Save the arches: How we could buy and run them ourselves

Hackney Mayor Philip Glanville writes exclusively for The Big Issue on why he is backing a localist alternative to the £1.5bn Network Rail sell-off of railway arches

Small, independent businesses are at the heart of what makes Hackney such a fantastic borough; they’re a vital part of the creativity, diversity and vibrancy which we’re known for.

They’re valued by the different communities they serve, play a key role in a complex economic environment and create thousands of jobs and opportunities for our residents. The workspaces from which they operate are the proving grounds for enterprises which can go on to become sector leaders.

I’ve been stating these truths, which of course apply to London and cities across the UK, throughout my time as directly elected Mayor of Hackney. I was saying it on a daily basis during our high-profile campaigning – alongside our business community, the East End Trades Guild, and neighbouring boroughs – against the government’s huge and ongoing hikes in business rates, which resulted in a 10,500-strong petition being handed to 10 Downing Street.

Now, I’m regularly stating them again. This time the threat comes from Network Rail’s plan to sell off the management of its properties, including 4,500 railway arches, in one job lot. They’re down to the final four bidders in the contest for this portfolio, thought to be worth more than £1bn. We don’t know who the hopefuls are, but I doubt it’s much of a stretch to say their priority will be generating as much profit as possible for shareholders. That means increasing rents.

This is only the latest development in the plight of our independent business based in Network Rail arches, of which there are 182 in Hackney. Before the publicly-owned organisation announced it was selling off its arches to the private sector, it was already hitting its tenants with huge rent hikes, often at short notice with little room for negotiation. They seemed based on a crude measure of an area’s ‘market rate’, not taking into account specific circumstances, the need for balanced local economies with a variety of different business types – many of which will never be able to generate the same profit as others – or planning policies.

For many of the long-established independent businesses which have made Hackney’s railway arches the vibrant and desirable places they are today, what they are being asked to pay is simply unaffordable and is already forcing some to close.

I, alongside Hackney South and Shoreditch MP Meg Hillier, have had numerous correspondence and meetings with Network Rail. Unfortunately, whatever encouraging words we received about a more collaborative approach, including from Ministers, never manifested themselves on the ground.

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The increased concern now, fantastically raised to national profile by the Hackney-born Guardians of the Arches, is that whichever business or consortium buys the arches will double down on the drive for profits.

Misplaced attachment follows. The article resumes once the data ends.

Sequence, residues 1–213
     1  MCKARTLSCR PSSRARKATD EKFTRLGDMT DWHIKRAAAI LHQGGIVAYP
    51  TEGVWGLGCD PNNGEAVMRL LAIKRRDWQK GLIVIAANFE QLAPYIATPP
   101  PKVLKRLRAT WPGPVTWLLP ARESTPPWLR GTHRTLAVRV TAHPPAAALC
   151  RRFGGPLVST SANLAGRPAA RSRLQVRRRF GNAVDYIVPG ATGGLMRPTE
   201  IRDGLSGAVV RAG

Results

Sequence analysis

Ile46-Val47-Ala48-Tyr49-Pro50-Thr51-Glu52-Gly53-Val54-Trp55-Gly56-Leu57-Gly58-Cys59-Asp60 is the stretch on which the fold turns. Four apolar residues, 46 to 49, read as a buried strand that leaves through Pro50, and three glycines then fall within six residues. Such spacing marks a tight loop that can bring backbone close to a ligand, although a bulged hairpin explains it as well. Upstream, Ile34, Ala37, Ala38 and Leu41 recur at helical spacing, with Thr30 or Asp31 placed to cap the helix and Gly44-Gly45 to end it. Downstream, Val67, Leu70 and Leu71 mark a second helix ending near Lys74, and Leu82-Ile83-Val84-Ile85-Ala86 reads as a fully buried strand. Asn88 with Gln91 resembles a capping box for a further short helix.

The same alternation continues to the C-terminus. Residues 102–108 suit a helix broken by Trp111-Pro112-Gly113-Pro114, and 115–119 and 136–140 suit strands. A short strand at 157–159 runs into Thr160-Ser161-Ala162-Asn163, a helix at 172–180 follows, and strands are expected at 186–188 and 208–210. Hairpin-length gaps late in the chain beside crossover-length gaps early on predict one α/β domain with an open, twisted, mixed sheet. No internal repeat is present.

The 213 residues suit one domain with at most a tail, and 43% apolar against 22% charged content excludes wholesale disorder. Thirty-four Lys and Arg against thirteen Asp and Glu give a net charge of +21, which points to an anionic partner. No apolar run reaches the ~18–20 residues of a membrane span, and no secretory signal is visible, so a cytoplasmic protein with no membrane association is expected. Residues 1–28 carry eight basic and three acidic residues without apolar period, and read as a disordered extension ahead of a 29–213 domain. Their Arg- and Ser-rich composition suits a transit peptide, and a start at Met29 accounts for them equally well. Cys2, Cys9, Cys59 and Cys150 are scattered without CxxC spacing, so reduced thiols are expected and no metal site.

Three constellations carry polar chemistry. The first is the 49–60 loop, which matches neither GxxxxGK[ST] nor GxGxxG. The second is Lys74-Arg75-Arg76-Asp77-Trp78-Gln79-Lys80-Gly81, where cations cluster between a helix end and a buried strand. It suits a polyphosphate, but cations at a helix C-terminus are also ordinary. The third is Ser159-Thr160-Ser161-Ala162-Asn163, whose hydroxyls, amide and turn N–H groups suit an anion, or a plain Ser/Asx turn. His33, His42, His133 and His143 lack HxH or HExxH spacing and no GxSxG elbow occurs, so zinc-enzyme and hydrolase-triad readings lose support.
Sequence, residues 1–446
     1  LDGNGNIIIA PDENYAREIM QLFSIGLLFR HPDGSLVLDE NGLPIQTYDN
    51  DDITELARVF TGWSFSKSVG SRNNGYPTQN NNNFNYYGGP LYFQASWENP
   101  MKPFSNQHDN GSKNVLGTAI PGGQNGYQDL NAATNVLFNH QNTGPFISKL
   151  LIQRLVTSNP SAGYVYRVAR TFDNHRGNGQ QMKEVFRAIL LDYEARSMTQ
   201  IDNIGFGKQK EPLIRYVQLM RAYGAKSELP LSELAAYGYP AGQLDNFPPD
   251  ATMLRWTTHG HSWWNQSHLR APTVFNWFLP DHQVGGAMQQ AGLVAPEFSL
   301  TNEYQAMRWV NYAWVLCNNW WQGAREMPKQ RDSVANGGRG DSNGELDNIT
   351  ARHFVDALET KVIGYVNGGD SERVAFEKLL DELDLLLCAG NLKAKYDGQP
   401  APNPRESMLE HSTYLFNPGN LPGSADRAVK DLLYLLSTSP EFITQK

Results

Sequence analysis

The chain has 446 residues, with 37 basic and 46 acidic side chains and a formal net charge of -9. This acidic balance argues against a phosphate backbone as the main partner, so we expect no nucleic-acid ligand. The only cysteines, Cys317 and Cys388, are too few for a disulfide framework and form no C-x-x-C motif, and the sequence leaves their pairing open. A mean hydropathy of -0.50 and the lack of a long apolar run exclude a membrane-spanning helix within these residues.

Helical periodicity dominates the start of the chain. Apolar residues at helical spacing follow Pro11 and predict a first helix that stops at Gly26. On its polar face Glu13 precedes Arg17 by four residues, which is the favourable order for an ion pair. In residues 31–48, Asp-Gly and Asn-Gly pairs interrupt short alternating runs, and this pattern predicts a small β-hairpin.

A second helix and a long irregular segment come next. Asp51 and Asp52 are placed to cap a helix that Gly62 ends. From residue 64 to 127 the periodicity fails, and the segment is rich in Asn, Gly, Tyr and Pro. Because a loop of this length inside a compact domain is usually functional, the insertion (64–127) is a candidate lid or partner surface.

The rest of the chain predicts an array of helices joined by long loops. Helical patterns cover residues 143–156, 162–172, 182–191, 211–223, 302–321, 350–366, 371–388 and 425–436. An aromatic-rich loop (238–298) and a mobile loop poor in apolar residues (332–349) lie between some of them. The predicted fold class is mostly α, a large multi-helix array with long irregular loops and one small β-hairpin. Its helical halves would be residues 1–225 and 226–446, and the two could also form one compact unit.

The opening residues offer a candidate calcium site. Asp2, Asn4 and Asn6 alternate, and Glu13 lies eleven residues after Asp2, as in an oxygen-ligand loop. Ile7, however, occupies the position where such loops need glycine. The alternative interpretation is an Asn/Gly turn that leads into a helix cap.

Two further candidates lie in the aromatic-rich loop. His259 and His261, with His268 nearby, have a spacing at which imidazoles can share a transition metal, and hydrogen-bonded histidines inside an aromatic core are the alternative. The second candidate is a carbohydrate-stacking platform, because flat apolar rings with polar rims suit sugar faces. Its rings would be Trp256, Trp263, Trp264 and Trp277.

It was in our recent letter to Transport Secretary Chris Grayling where, alongside calls for him reconsider the sell-off entirely, or divide it into smaller areas and take a more localist approach, we suggested that we could explore buying and running the arches ourselves.

We’d need to see the details of these properties, how they’re valued, look at their books, and consider how they could be successfully and sustainably managed, but Hackney Council has a strong record of acquiring commercial properties and running them successfully; integrating them within diverse business environments, an area’s cultural and social fabric, and our wider aspirations and policies. These notions are anathema to the mantra that free-market-drive-for-profit always works best, but this mantra feels increasingly anachronistic in 21st-Century Britain.

A common view, like with business rates, is that Hackney’s just become a victim of its success: ‘the market has spoken, you’re being naive’. Bring on the chains and swap the bakeries, garages and workshops for more profitable bars, estate agents and restaurants. I don’t buy this and I never will. There is a middle ground between the need for profit and freedom from red tape, and the desire for social benefit and diverse economies.

What stands in stark relief to Network Rail is the way Transport for London is now communicating and negotiating rents with tenants in its arches. At the same time we starting raising concerns with Network Rail, we were doing the same with TfL. The difference is that they decided to take a more collaborative approach with tenants, councils and other groups. I understand this is the result of a shift in strategy and investment in new teams, and should be applauded. It’s a clear demonstration that a more sophisticated approach to tenant management is entirely possible.

Transport Minister Jo Johnson has reportedly agreed to consider alternatives to Network Rail’s current approach. Let’s hope this was more than just platitudes to diffuse a meeting with campaigners, and heralds the start of a more collaborative and sustainable way of doing business and cultivating our independents, not destroying them.

Sign the letter to save the arches here